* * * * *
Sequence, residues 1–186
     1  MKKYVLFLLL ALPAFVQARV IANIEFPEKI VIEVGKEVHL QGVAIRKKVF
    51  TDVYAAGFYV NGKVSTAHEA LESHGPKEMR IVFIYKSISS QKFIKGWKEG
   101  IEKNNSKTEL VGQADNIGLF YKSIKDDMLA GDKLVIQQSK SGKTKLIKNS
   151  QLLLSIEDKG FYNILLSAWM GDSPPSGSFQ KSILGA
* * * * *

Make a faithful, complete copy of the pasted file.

Sequence, residues 1–186
     1  MKKYVLFLLL ALPAFVQARV IANIEFPEKI VIEVGKEVHL QGVAIRKKVF
    51  TDVYAAGFYV NGKVSTAHEA LESHGPKEMR IVFIYKSISS QKFIKGWKEG
   101  IEKNNSKTEL VGQADNIGLF YKSIKDDMLA GDKLVIQQSK SGKTKLIKNS
   151  QLLLSIEDKG FYNILLSAWM GDSPPSGSFQ KSILGA